Educational blogging as a research tool

August 18th, 2004

At the University of Toledo, we used to have a system that was used to control and distribute information for each of the classes I was enrolled in. It was used to post messages, post homework and other documentation, list enrollment and finally, list the grades for each of the assignments in the class. Does any of that ring a bell in the context of this blog?

I believe that educational blogging is a very powerful vehicle to collect and aggregate research and assignment information as well as a powerful means to assimilate and search the stored information by a worldwide audience. I am sure this is already being done on some scale at the more famous (and thus more financially secure) institutions, but the concept has yet to reach the thousands of less fortunate (for the lack of a better term) Colleges and educational institutions. Let me elaborate.

I was reading through some of the directions that Six Apart is envisioning for Movable Type and I find their thoughts on corporate blogging very interesting. However, corporations are not the only group of people that benefit from the powers of blogging. Blogging in my mind is a way to promote online discourse in a very personal manner that can be compared to chatting, but in a more public setting. However, the online aspect also makes it infinitely more cachable and searchable. Let us imagine a relatively small school like the Engineering school at the University of Toledo. We offer about a hundred classes (just a number that popped into my head) and each class has an average of about twenty students. The students receive daily/weekly assignments which vary from semester to semester and they also complete research projects towards the end of each semester. Consider a single blog for each of these classes. The students would be given permission as authors for each blog and they would be allowed to add information to the blog and modify only their own records. The professor would have a more universal control of the blog. Each professor could determine the level of integrity and control that they would like to weild over the information posted on each of the blogs.

These blogs could be used to discuss assignments, to have small discussions on each of the items, to post resources for the class etc. Once the class/semester is over and done with, the blog is cached and the information is made available through some cached means for future students in the same class. Now, if Intellectual Property Rights were not encroached upon, this information would get picked up by a search engine (such as Google) and cached on their repository, thus making it available for the rest of the world. Imagine the power of a “college level aggregator” for these blogs. Any administrator or professor could look at the post aggregation and successfully put this information to a number of different uses. Imagine the power of a research institution being able to tell what the different labs are working on and what issues they are facing. Imagine that a student in advanced polymer chemistry being able to use the notes from an architectural engineering class with the same topic.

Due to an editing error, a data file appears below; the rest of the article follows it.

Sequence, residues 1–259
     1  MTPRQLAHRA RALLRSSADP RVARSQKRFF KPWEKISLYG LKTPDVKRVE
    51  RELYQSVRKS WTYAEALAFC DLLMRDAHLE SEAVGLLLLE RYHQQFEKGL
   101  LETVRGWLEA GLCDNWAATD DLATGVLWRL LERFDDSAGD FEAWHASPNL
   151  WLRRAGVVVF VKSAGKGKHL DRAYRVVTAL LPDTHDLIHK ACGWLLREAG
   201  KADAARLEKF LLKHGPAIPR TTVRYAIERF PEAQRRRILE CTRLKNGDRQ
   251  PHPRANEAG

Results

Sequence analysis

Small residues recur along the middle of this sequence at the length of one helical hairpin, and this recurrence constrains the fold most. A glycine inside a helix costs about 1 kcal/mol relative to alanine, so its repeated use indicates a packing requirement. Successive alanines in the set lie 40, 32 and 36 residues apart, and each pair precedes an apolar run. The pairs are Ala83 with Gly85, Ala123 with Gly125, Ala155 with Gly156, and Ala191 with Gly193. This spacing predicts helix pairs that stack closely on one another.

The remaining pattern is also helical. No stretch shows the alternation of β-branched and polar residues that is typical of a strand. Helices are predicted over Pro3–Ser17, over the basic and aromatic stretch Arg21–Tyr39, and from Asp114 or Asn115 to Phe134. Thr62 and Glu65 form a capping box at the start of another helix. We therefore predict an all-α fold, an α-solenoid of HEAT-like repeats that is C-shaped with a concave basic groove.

Not every class (even in top schools) is to every students’ liking. In my educational career, I have really missed having the ability of being able to understand thermal physics from the point of view of another professor or look at it from the perspective of a previous student in the same class as I was. Educational blogging would make this possible. (Google has, in recent times, gives us some of the abilities I was looking for)

If you are interested in this idea or would like to suggest/refute something, comments are open. If you are an educator and would like to further this thought, feel free to drop me a line.




  1. Todd Campbell says:

    I am interested in blogging and the power it has in enhancing student learning. I currently teach an Instructional Technology course and have had my students participating in a blog. I was attracted to the idea, because my doctoral program made me appreciate the “voice” that comes from writing. I want my students to have a “voice” and I want other students to have access to the “voice” of their peers. I will be interested in hearing future posts and comments about this topic.

  2. Owen Wiltshire (1 comments.) says:

    Hey, its a few years old now, but very interesting article. Four years down the road and blogging is certainly picking up, and by many students too. I am studying anthropology and using my blog to share ideas, gather feedback, and self-organize. Its a bit complicated figuring out what exactly is relevant to share when one is doing research, but I find those in the blogsphere to be very supportive and helpful so far.

    Erkan Saka ( also wrote a great essay on using blogs as a research tool for ethnographic fieldwork – it was discussed on the Media Anthropology Network recently. (



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